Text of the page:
Here's How a Mother and Entrepreneur Makes Family Finances Shine

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This week for Money IRL I had the honor to interview Paloma Concordia, an entrepreneur and mother living in the Bay Area who’s currently re-defining her money mindset with her budding company and growing children in mind. Read how she’s making money moves with intention and clarity.

What’s your money focus right now?

Right now, I'm focusing on taking my business to the next level, professionally and financially speaking. I know having a positive money mindset and shattering limiting beliefs will allow me to break my own boundaries. So it’s exciting to see platforms like dahla which can help people shift their perspective about their funds. I recently met with a financial advisor to help me understand my financial situation and set measurable goals, on her blog she writes that “Wealth is 90% psychology and 10% money mechanics” (Claiming Prosperity). Reading that has really helped me change my perspective! Once I shift 100% into a mindset of abundance and gratitude, and educate myself on the money mechanics, then I know that money is going to flow into my life more easily.

That must be helpful. How does money affect your marriage?

I’m married with four kids and I run my own business. When my husband and I got engaged, I told him that along with love and companionship, I see marriage as a business partnership too. We’re signing a legal contract, and financially accountable to each other. We both agreed to manage our finances and home accordingly. We have business meetings at least once a month to check in on our financial status. We also try and plan weekend retreats now and then, where we set goals – whether financial, or other aspirations in our personal lives for the year ahead. We really enjoy the process, and it’s helped us build a strong foundation for our future.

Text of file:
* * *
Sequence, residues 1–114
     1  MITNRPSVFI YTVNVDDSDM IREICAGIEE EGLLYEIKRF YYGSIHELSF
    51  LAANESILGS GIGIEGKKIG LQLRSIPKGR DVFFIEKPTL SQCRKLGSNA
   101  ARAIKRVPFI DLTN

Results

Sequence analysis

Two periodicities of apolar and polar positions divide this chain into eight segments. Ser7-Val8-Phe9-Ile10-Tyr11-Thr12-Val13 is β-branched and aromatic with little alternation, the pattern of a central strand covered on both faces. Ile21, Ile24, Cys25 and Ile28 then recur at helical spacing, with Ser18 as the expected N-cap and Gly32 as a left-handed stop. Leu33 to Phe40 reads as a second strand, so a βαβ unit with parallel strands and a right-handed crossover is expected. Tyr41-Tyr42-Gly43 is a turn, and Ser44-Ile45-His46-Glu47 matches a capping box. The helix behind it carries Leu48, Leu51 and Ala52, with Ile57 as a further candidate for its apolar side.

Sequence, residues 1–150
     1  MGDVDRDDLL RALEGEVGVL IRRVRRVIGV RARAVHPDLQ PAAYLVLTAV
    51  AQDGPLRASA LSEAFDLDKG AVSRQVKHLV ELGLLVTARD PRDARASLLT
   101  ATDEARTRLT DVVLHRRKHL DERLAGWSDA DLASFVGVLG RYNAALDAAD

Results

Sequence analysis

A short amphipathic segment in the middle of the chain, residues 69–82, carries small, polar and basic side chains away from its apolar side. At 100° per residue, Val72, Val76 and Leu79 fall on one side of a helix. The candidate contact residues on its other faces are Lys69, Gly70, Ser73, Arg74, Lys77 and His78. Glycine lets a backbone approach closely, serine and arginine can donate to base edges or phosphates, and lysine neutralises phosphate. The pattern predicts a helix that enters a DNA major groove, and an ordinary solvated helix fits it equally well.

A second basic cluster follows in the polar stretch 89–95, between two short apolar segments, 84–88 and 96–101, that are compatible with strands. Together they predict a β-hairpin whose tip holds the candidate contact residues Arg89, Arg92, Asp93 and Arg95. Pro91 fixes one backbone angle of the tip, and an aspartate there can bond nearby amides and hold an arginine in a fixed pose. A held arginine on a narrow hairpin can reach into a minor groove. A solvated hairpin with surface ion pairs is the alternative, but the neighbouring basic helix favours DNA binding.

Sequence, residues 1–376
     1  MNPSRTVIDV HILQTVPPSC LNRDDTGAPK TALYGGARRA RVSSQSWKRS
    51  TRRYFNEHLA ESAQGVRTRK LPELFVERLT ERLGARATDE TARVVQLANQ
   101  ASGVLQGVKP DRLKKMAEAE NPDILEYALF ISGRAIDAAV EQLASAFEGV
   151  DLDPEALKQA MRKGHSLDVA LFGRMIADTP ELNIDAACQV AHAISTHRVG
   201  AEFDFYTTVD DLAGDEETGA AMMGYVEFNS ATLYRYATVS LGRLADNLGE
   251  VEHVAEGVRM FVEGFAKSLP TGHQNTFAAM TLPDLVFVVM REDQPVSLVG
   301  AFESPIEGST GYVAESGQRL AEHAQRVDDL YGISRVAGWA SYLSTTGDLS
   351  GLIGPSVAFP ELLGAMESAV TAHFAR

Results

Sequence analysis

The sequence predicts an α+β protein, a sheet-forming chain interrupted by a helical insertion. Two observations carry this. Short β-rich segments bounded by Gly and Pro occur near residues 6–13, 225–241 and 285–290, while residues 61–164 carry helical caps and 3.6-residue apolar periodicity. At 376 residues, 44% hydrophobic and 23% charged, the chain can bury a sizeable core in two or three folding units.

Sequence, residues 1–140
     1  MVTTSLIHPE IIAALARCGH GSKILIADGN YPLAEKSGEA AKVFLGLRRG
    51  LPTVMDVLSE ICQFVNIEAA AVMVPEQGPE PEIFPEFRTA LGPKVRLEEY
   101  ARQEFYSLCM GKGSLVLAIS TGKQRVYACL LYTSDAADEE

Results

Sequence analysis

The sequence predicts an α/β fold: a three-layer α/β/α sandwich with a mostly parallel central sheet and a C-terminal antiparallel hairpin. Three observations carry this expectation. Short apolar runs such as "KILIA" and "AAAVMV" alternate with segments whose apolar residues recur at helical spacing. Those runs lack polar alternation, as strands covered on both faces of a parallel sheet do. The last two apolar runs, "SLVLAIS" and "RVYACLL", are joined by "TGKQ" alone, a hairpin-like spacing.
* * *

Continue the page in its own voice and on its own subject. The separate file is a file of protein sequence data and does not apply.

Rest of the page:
We also split up the operations, but I guess you could say I’ve taken the lead in keeping things organized. I like to make spreadsheets and have taken my experience in retail and business management to help us with tracking expenses and keeping information easily accessible so we can see where we’re at each month.

Very cool. What are some of your financial goals this year?

Building up an emergency fund, chip away at debt, then tackle the retirement fund. I had a 401K at one point when I was working in the corporate world, but I cleared it out a long time ago to pursue my goals as an entrepreneur.

On a personal note, our goal is to buy a house in a few years, but living in the Bay Area is another challenge #capitalism #gentrification. If you earn less than $100K year, you are considered low income here.

Switching gears a bit – what was money like for you growing up?

I never felt like there was money lacking growing up. I had my own bedroom, and always got what I needed, but I don’t think I was spoiled either. I started working when I was 16, and paid for my first car with the first $2,000 I earned. I like being responsible with my money, but we all make mistakes, and that’s just part of life. Being an entrepreneur was something I practiced early on; I remember going around the neighborhood offering to wash cars, and even had a lemonade stand.

What do you want your kids to learn about money?

I want to teach them about having a positive mindset. I want to show our kids that we are rich in health and our relationships.  I tell them that money is energy. If you have good energy, money will come your way.

What have you learned most about money?

When you least expect it, money will show up. Whenever I’ve been on the edge of nothing and I worry what I will do, something happens – an old check will come in the mail, someone will gift me money, or an old client will reach out. If you think of money as energy and you’re doing good things in the world, doing your best, at the end of the day the money will come.

My best friend and I have started calling money, “mana” instead, just calling it something that evokes positivity makes us feel that way too. "Mana" is a word from Hawaiian culture that means power.  “Having meaningful work to do, enjoying harmonious relationships with those around you, and being of service in some way all help to gather mana.”  Mo Mana, Mo Blessings!